Emphasising on the free flow of information as a pillar of peace, the GPI details it as follows: “Free and independent media disseminates information in a way that leads to greater knowledge and helps individuals, business and civil society make better decisions. This leads to better outcomes and more rational responses in times of crisis.” Free Flow of Information is then measured by three main factors:
- The Freedom of the Press Index, a composite measure of the degree of print, broadcast, and internet freedom, operated by Freedom House
- The Mobile phone subscription rate, which is a number of mobile phone subscriptions per 100 inhabitants, operated by the International Telecommunications Union (ITU)
- The World Press Freedom Index which ranks countries based on media pluralism and independence, respect for the safety and freedom of journalists, and the legislative, institutional and infrastructural environment in which the media operate, produced by Reporters Without Borders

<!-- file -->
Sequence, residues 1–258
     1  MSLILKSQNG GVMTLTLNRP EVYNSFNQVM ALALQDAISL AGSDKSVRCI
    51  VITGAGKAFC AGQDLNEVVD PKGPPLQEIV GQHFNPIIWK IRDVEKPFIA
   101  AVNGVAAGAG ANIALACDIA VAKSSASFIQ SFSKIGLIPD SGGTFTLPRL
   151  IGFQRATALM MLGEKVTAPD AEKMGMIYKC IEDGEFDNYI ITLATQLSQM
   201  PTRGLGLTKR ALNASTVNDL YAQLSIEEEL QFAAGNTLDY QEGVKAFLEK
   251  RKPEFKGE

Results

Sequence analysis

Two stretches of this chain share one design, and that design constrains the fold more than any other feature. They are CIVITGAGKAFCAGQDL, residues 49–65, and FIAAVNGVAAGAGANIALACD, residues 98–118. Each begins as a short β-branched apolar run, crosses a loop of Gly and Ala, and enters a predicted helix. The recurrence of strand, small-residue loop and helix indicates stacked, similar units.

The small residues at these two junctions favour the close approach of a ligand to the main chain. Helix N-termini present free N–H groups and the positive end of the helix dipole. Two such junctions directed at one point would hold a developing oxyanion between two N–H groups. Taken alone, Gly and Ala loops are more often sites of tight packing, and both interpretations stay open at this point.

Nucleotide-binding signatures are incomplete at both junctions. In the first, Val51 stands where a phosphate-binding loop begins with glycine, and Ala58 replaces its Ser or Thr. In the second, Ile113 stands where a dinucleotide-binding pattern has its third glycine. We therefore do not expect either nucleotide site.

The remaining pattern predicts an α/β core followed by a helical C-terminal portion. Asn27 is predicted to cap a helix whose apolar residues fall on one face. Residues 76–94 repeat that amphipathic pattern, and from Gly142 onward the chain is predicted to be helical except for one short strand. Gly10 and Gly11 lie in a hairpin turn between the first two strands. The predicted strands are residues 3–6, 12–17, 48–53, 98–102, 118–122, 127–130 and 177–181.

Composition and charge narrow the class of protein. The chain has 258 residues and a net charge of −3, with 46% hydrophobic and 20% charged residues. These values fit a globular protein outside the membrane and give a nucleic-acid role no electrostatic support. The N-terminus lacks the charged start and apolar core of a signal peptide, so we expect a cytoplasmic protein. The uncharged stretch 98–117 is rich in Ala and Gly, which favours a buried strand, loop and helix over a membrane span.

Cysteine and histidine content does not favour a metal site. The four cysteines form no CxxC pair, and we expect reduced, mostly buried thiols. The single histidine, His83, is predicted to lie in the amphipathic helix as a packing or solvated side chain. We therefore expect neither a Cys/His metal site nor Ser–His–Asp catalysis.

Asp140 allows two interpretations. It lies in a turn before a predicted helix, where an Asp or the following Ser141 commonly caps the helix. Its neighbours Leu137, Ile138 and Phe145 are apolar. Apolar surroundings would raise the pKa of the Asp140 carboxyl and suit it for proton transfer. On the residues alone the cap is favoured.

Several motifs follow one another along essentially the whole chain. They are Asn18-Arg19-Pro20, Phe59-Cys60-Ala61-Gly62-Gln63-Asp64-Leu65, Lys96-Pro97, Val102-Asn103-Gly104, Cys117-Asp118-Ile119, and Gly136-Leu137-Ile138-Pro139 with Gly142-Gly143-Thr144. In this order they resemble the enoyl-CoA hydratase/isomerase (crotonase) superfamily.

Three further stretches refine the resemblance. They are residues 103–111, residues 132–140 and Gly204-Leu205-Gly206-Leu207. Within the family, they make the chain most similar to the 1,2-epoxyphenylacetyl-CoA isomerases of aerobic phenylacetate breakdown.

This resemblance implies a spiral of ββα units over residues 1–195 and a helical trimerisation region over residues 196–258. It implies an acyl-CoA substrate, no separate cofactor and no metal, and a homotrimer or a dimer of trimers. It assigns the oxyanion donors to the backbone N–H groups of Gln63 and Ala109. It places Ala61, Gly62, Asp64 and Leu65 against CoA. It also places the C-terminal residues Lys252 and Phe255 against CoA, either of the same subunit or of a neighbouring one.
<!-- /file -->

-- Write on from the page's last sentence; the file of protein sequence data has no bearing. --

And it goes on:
What draws attention to the GPI’s 2019 ranking is that the lowest-ranked sub-Saharan African countries are also the least ranked in terms of freedom of expression, freedom of the press and electronic communications subscriptions. The following table presents the top 15 least-ranked countries in 2019 on the GPI, along with the equivalences on freedom of expression (Freedom House), freedom of the press (Reporters Without Borders) and the mobile phone subscription rate per 100 inhabitants (ITU).
In this top 15, according to all four categories (GPI, freedom of expression, freedom of the press and mobile phone subscription rate), leading countries are Eritrea, the Central African Republic, the Democratic Republic of Congo, Chad, Burundi and Somalia. These countries have very low index that has a significant and negative impact on their GPI rankings; they appear in all four categories of the top 15. Most them have the lowest mobile phone subscriptions per 100 inhabitants, their values ranked between 7.3 and 45 (the lowest subscription rate in the world being Eritrea with a value 7.3, and the highest subscription rate being Macao SAR, China, with a value of 332.09) as per the 2019 ITU’s ranking. Other countries, including Djibouti, Ethiopia, Equatorial Guinea, Cameroon, Sudan and South Sudan appear only three times in the top 15. Zimbabwe, Uganda and Niger appear twice and Malawi, Madagascar, Angola and Comoros appear only once. These appear only in the top 15 of the lowest rank of mobile phone subscription.